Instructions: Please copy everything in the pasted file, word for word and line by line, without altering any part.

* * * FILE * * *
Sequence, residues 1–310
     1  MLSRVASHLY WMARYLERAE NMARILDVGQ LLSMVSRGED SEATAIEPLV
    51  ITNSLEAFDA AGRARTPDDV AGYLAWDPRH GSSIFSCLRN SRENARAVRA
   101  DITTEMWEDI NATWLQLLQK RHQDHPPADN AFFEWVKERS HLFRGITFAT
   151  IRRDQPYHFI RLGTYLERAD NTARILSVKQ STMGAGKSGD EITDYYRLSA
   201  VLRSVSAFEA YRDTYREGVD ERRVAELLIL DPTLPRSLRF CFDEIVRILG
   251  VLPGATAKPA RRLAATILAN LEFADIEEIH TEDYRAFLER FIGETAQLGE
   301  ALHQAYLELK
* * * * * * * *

Sequence, residues 1–310
     1  MLSRVASHLY WMARYLERAE NMARILDVGQ LLSMVSRGED SEATAIEPLV
    51  ITNSLEAFDA AGRARTPDDV AGYLAWDPRH GSSIFSCLRN SRENARAVRA
   101  DITTEMWEDI NATWLQLLQK RHQDHPPADN AFFEWVKERS HLFRGITFAT
   151  IRRDQPYHFI RLGTYLERAD NTARILSVKQ STMGAGKSGD EITDYYRLSA
   201  VLRSVSAFEA YRDTYREGVD ERRVAELLIL DPTLPRSLRF CFDEIVRILG
   251  VLPGATAKPA RRLAATILAN LEFADIEEIH TEDYRAFLER FIGETAQLGE
   301  ALHQAYLELK